While an exceedance of the water quality criterion for copper, lead or other constituents represents a violation of NPDES permit conditions, if it is found through proper studies that this exceedance is not a real water quality use impairment exceedance, i.e. is administrative, then rather than trying to control the sources of copper and/or lead that are causing administrative exceedances of the water quality criterion, the stormwater manager should focus the resources available on working to obtain a more appropriate regulatory approach than the one being used by the US EPA today to regulate potentially toxic constituents where the Agency requires, because of its Independent Applicability Policy, that NPDES dischargers control chemical constituents in wastewater discharges and stormwater runoff that are of concern because of potential toxicity, even though appropriately conducted studies have shown that the constituents are in non-toxic, non-available forms. Administrative exceedances can only be effectively addressed through administrative approaches, rather than through very expensive chemical constituent source control and/or treatment.
Reliability of Environmental Indicators
There is widespread recognition today that the traditional stormwater runoff water quality "monitoring" is ineffective in providing information on what, if any, real water quality problems exist in the receiving waters for the stormwater runoff. Regulatory agencies and stormwater dischargers are shifting their monitoring efforts away from end-of-the-pipe, edge-of-the-pavement monitoring of a suite of chemicals to evaluation of the water quality impacts associated with stormwater runoff-associated constituents in the receiving waters. Recently there have been a number of attempts by the US EPA (1996a,b) and others (Claytor and Brown, 1996) to develop environmental "indicators" that can be used to assess water quality impacts of urban area and highway stormwater runoff-associated constituents. Caution must be exercised in using this approach since many of the so-called indicators proposed by the US EPA for assessing stormwater quality impacts are not real indicators of water quality problems - use impairments. It is essential in any reliable stormwater runoff water quality impact assessment to focus on use impairments as opposed to using a water quality "indicator" such as an exceedance of a water quality standard that is in some ill-defined way related to water quality issues of concern to the public. The public does not care how much copper or lead is in the water; they are concerned if the copper or lead impairs the use of the water for various purposes. The coupling between the concentration of copper/lead as normally measured and water quality impacts is poorly understood.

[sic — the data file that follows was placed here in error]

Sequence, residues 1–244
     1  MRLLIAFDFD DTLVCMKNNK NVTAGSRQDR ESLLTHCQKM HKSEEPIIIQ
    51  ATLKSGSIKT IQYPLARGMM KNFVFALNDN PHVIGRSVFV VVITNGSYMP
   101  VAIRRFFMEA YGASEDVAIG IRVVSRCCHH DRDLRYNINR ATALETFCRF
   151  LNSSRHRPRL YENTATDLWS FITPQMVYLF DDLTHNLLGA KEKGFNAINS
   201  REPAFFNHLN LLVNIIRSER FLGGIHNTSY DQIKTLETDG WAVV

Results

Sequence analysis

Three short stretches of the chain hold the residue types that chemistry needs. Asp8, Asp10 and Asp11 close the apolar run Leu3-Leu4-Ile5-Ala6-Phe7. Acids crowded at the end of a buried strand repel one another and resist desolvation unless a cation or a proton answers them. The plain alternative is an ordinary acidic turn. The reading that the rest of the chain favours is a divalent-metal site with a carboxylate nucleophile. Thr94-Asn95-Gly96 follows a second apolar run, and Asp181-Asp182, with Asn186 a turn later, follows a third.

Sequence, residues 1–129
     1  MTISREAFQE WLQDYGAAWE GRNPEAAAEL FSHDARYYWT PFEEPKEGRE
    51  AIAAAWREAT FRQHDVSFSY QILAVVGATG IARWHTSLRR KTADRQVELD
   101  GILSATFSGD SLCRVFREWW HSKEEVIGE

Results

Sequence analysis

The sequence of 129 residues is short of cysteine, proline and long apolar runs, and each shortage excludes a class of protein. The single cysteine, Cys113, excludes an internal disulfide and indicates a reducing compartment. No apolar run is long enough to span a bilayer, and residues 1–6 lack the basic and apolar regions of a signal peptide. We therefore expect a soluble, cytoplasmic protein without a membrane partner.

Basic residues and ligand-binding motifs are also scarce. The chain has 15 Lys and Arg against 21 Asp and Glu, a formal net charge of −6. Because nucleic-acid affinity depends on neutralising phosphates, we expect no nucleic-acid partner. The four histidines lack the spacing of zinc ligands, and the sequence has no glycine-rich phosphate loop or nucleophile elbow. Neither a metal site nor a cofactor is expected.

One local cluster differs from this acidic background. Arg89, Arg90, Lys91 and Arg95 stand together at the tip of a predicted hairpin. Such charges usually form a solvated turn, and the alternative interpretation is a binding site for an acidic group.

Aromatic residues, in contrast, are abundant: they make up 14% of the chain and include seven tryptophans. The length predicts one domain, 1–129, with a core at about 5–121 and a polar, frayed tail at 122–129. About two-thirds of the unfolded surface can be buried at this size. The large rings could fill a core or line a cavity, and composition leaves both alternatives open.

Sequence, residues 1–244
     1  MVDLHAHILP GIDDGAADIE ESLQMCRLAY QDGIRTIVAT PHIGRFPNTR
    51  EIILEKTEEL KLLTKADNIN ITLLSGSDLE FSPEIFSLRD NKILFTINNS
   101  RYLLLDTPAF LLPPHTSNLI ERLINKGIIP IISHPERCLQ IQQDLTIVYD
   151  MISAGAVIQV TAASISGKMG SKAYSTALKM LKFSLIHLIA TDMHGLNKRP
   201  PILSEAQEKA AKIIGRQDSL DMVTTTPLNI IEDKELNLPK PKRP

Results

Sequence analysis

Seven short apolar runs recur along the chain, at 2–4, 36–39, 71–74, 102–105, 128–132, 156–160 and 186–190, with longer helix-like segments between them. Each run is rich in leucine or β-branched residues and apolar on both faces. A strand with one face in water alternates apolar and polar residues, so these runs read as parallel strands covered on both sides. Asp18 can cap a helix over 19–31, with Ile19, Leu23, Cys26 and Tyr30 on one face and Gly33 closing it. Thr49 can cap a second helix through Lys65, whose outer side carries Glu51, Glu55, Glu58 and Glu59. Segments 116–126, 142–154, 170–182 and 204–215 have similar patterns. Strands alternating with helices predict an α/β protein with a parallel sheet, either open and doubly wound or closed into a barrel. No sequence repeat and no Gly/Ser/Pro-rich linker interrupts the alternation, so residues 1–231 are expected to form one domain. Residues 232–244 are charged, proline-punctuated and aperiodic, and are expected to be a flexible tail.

The Evaluation Monitoring approach shifts the emphasis from chemical constituents that could, in some situations cause water quality problems, to defining real water quality problems - use impairments associated with urban area and highway stormwater runoff, determining their cause and through forensic studies, the source of the constituents responsible for the problem - use impairment. Rather than using inappropriate water quality criteria/standards as goals for BMP development, which often diverts attention away from real water quality issues of concern to the pubic, the Evaluation Monitoring approach uses the control of significant water quality use impairments as the goal for BMP development. While this approach is different than the traditional chemical constituent approach that the US EPA adopted in the early 1980s, it recognizes what was well known then and is well known today-- that aquatic chemistry, aquatic toxicology and hydrodynamics/mixing all play important roles in determining whether a chemical constituent in a particular discharge or runoff waters impairs the beneficial uses of the waterbody receiving the runoff.